With over 30 years’ experience in the industry and celebrating her 10-year anniversary as owner of the Fulwood branch on Garstang Road; Gill is confident she knows Fulwood’s houses, streets, walks, schools, business and local amenities better than almost anyone. “It’s my home town – I grew up here. I am local and my team all live nearby, which is so important when you’re an estate agent. My core team have been here since the beginning. We’re a tight-knit group and we work well together.
A recent poll found that only 15 per cent of the world’s full-time workers find their job engaging, and since most of us will likely be working well into our 60s, nobody wants to deal with the drudgery of a job they don’t enjoy. So, what are your options if you’re ready to break from the monotony of the status quo? Most people would suggest going to University, it’s a tried and tested formula.
In Lytham, you’ll find someone as determined as you are to make sure you look stunning on the big day. Entrepreneur and fashion expert, Pat Haslam, has 30 years’ experience of making women look their absolute best. Since opening her latest venture, as recently as September last year, she’s already built up a very loyal customer base. Revente, tucked neatly away on Pleasant Street Parade in Lytham, is a high class, resale dress shop which specialises in luxury occasion wear.
Muck Rack makes it simple to find people, tweets, or articles that mention any name, keyword, company, hashtag etc. We've compiled this guide to help you make the most of your search.
Selecting a term
Start searching tweets, articles from media outlets, articles mentioned in tweets, journalists'
names, titles and bios with some suggested searches:
Companies or Topics (e.g. iPhone, Microsoft)
Phrases (e.g. "cloud computing") — use quotes to keep the terms together
Twitter handles (e.g. @username) — returns those who have mentioned or replied to
Names (e.g. "David Pogue")
Hashtags (e.g. #sxsw, #london2012)
Bio details (e.g. vegan, Olympics, father)
Muck Rack's Advanced Search allows for many boolean operators.
Find results that mention multiple specified terms, use AND or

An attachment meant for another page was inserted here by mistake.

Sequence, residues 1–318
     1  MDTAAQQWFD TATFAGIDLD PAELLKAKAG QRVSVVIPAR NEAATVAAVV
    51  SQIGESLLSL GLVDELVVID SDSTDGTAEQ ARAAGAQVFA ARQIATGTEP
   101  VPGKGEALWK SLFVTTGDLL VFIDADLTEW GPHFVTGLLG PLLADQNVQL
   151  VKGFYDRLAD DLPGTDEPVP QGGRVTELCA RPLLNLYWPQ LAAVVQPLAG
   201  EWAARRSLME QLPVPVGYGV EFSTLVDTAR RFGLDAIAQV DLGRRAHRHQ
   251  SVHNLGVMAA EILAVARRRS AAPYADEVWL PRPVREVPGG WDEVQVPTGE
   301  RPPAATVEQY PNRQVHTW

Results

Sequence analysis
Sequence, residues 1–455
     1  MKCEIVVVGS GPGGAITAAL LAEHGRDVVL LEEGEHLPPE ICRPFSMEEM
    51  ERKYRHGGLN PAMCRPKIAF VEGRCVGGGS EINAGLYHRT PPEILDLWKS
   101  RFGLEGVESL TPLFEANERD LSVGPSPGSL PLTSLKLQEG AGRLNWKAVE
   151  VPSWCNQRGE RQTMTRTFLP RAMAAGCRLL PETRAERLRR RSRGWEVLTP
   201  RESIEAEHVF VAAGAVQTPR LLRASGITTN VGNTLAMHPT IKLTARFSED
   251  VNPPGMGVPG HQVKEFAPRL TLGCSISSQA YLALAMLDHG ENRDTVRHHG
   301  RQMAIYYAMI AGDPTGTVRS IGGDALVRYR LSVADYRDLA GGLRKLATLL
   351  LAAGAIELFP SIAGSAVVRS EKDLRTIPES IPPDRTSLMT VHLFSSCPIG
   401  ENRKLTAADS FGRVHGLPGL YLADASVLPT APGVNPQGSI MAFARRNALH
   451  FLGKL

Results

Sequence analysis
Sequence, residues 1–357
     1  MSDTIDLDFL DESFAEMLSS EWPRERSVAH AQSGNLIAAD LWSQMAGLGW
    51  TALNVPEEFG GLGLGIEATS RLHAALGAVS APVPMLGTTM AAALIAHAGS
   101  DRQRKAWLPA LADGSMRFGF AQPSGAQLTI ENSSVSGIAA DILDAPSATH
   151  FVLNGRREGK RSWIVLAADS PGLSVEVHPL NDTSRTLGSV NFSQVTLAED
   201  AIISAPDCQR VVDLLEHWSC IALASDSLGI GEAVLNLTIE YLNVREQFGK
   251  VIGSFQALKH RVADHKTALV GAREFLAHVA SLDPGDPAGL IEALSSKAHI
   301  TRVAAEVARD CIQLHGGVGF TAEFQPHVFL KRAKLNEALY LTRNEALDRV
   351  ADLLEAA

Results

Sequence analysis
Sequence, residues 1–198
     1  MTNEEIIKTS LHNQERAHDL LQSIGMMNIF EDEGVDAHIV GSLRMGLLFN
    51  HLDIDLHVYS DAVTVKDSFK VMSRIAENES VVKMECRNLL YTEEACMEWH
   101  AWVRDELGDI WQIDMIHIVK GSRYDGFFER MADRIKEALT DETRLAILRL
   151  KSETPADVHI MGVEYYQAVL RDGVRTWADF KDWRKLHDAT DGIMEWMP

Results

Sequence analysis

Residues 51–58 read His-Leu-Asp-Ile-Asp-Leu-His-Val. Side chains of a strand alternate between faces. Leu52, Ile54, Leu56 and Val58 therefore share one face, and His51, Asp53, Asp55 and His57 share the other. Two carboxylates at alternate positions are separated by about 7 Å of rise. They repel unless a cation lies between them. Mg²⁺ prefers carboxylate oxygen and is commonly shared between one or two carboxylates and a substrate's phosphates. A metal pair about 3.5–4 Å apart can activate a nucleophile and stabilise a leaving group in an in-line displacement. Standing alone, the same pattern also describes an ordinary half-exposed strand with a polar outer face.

+. For example, ensure each result contains both Elon Musk and Mark Zuckerberg by
searching Musk AND Zuckerberg or Musk + Zuckerberg.
Use the operators OR or , to broaden your search when you'd like either of
multiple terms to appear in results. (This is the default behavior of our search when no operators
are used). For example, results will contain either cake or cookie by searching cake OR cookie or cake,cookie
Use NOT or - to subtract results from your search. For
example, searching Disney will yield results about the Walt Disney Company as well as Walt Disney
World Resort. To exclude mentions of Disney World, search for Disney -World or Disney
When using one of these operators with a phrase, enclose it in quotation marks. For example, you can
find results about smartphones excluding Apple's iPhone 4S by searching smartphone -"iPhone
Exact case matching or punctuation
If you're searching for a brand name or keyword that relies on specific punctuation marks or capitalization, you can
find results that match your exact query by adding matchcase: before the keyword you're searching for, like matchcase:E*TRADE .
Use parentheses to separate multiple
boolean phrases. For example, to find journalists talking about having fun in Disney World or
Disneyland, search for ("disney world" OR disneyland) AND fun.
An asterisk can be used to search for any variation of a root word truncated by the asterisk. For example, searching for admin* will return results for administrator, administration, administer, administered, etc.
A near operator is an AND operator where you can control the distance between the words. You can vary the distance the near operation uses by adding a forward slash and number (between 0-99) such as strawberries NEAR/10 "whipped cream", which means the strawberries must exist within 10 words of "whipped cream".